By achieving this balance, the EU can foster a more inclusive and dynamic innovation ecosystem that benefits all inventors and creators. Only then, we can help to create a more inclusive environment where all people, regardless of gender or socio-cultural background, feel empowered to pursue their dreams in science, art and innovation.

About the blogpost authors:

Ines is a Data Protection Counsel specializing in the pharmaceutical industry. She supports Berlin-Chemie AG, part of the MENARINI Group (the leading Italian pharmaceutical company), and its affiliates across the EU. She advises on compliance, helps the business minimize the risk of regulatory investigations, fines, and reputational damage associated with data breaches or non-compliance, and develops and delivers training programs to employees on data privacy regulations and best practices for handling personal data.

Ines brings a strong legal background to this role. She passed the German bar exam and holds an LL.M. in European Intellectual Property Law from Stockholm University. Her career began with legal experience at the World Intellectual Property Organization (WIPO) in Geneva and international law firms in Berlin, with additional work experience in Sydney. Currently, she’s completing her PhD in copyright law at Freie University Berlin.

Ines is passionate about social justice. Beyond her legal expertise, she volunteers as a pro bono mentor for young people. She also works with organizations like Netzwerk Chancen, a German non-profit that empowers disadvantaged youth.

Dr. Joern Plettig (Site Director; Patent Attorney; European Trademark & Design Attorney) gained insightful professional experience in a globally operating medical technology company as well as in two international IP law firms over the last decade. Thus, Dr. Plettig understands the “needs” of IP-oriented companies, especially from the pharmaceutical, chemical, biotechnology and medical device industries.

From a technical point of view, he holds a PhD in biology with a focus on molecular biology/genetics, cell biology and human biology. However, his work as a patent attorney has expanded his fields of activity many times; for example, to the areas of mechanics and product design as well.

Dr. Plettig completed his publication doctorate on innovative therapies for burn patients at the Charité in Berlin. Before that, Dr. Plettig studied biology at the Freie Universitaet of Berlin. During his academic training, he held several scientific appointments at the University of Pittsburgh, USA.

Since March 2021, Dr. Plettig is responsible for the office management of ETL IP Berlin, a sub-office of ETL IP as a parent company. His areas of expertise lie amongst others in the fields of German, European and International patent, trademark and design law — also including employee invention law. The technical focus of Dr. Plettig is reflected by regenerative medicine; stem cells; diagnostic markers; drug compounds/formulations; mRNA-based compounds; antibodies; vascular intervention; stents; heart valves; and catheter technology.


[1] See for further details Julia Anderson, Europe needs high-tech talent – Investing in people to counter oligopolistic dynamics and dependencies in technology markets, Policy Brief, Strategic Autonomy Series, The Foundation for European Progressive Studies (FEPS), available online:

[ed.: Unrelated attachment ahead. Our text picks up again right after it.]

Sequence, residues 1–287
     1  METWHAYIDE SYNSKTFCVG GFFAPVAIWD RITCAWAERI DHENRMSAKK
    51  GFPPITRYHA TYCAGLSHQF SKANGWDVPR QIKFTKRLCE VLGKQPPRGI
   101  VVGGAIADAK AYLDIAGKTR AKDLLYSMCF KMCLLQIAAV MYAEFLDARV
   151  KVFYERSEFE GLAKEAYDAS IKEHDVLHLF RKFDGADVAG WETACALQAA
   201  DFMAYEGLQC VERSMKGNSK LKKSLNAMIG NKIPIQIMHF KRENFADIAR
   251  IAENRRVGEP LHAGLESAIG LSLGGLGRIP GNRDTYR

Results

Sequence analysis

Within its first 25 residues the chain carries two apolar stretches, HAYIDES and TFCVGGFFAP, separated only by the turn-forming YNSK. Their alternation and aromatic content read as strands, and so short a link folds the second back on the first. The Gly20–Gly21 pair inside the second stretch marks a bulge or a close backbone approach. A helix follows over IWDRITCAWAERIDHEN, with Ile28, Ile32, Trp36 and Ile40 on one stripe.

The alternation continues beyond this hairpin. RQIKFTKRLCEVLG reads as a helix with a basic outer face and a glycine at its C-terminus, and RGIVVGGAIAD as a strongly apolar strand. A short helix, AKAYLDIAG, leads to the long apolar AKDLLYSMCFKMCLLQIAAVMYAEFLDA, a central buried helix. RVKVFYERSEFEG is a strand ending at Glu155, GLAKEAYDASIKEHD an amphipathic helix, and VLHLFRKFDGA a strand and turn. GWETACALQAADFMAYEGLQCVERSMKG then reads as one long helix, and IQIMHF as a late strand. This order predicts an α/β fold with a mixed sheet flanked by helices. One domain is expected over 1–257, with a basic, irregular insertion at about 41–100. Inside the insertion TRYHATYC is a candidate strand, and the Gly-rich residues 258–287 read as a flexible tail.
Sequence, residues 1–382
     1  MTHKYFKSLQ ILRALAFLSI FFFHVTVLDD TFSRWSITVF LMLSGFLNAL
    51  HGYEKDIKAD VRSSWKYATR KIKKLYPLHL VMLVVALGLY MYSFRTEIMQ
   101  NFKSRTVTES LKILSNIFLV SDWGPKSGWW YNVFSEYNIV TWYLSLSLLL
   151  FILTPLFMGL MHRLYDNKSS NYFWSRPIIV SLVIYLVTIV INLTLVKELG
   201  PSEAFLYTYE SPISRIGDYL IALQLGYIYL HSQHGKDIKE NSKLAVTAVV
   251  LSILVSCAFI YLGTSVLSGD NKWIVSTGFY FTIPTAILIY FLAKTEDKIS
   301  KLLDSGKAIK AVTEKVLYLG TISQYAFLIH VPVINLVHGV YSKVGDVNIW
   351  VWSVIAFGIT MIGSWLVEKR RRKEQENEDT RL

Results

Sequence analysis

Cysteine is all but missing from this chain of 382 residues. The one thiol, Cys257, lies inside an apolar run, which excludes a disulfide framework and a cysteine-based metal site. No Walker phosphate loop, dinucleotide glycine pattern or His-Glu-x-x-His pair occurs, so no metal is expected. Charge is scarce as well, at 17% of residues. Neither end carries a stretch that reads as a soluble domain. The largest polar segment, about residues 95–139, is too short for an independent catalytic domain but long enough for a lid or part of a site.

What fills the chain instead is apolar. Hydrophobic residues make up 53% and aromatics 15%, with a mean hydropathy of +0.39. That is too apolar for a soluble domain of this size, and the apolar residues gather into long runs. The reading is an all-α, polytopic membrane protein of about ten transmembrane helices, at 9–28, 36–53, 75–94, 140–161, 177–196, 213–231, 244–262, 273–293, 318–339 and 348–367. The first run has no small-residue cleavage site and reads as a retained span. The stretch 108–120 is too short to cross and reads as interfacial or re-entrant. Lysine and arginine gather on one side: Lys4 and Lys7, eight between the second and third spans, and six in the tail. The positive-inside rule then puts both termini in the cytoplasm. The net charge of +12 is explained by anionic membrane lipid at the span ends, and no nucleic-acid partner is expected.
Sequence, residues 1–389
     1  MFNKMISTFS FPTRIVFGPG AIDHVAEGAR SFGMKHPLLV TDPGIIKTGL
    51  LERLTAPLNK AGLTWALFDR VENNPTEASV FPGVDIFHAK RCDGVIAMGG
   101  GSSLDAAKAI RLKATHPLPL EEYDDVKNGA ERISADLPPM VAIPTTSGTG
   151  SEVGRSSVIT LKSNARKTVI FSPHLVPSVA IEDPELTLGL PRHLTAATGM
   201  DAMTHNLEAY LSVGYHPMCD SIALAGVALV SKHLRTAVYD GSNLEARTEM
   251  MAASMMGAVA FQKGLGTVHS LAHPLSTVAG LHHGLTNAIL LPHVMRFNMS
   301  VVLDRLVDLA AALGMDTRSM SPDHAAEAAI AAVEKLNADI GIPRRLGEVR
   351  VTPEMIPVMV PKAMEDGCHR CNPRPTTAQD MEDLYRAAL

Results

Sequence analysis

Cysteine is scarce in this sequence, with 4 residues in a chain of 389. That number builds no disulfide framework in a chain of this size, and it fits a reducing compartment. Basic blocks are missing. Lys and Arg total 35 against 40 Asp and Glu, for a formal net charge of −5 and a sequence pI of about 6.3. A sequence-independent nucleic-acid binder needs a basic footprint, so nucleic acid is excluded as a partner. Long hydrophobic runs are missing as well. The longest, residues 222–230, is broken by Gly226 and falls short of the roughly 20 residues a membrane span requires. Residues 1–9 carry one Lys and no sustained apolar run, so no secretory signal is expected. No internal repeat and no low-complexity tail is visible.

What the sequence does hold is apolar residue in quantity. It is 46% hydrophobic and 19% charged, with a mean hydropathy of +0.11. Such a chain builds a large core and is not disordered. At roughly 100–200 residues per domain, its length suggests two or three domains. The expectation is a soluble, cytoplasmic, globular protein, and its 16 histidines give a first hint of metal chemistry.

[2] This effect is named after Matilda Joslyn Gage, a 19th-century American suffragist and abolitionist; she was one of the first people to write about the phenomenon of women’s scientific contributions being overlooked or attributed to men, see for further details: Athene Donald, Not Just for the Boys: Why We Need More Women in Science Get access Arrow, p. 13 ff.

[3] This effect is derived from a passage in the Gospel of Matthew (chapter 13, verse 12), which states: “Whoever has will be given more, and will have an abundance. Whoever does not have, even what they have will be taken from them.”; the sociologist who coined the term, Robert K. Merton, used this biblical reference to describe the phenomenon where those who are already successful tend to accumulate even more success, while those who are less successful struggle to gain recognition, see:  Robert K. Merton, The Matthew Effect in Science, in: SCIENCE, Volume 159, Issue 3810, 5 January 1968, pp. 56 ff.

[4] See for all these examples Ruth Lewin Sime, Lise Meitner: A Life in Physics, pp. 109 ff.; Sunita Rawat, Science, Gender, and Power: Women Scientists Who Defied the Odds, Lucknow 2023, p. 3, p. 93, p. 193.

[5] Olivia Campbell, Opinion: Lauding Lise Meitner, Who Said ‘No’ to the Atomic Bomb – The movie ‘Oppenheimer’ makes no mention of the co-discoverer of nuclear fission. But she would have wanted it that way, Undark Magazine, 24.08.2023, available online:

[6] See

[7] EUIPO, Women in design, 2023, p. 36, available online:

[8] EPO, Women’s participation in inventive activity, p. 9, available online:

[9] Directorate-General for Research and Innovation (European Commission), 2019, She Figures 2018, p. 190, available online:

[10] See WIPR, “NIPO’s Kathrine Myhre: equality is an ‘ongoing process’ in Norway”, in: WIPR News, Features, Diversity, 8 April 2024, available online:

[11] For more details, see the EU Commission’s website:,Commission%20in%20her%20political%20guidelines.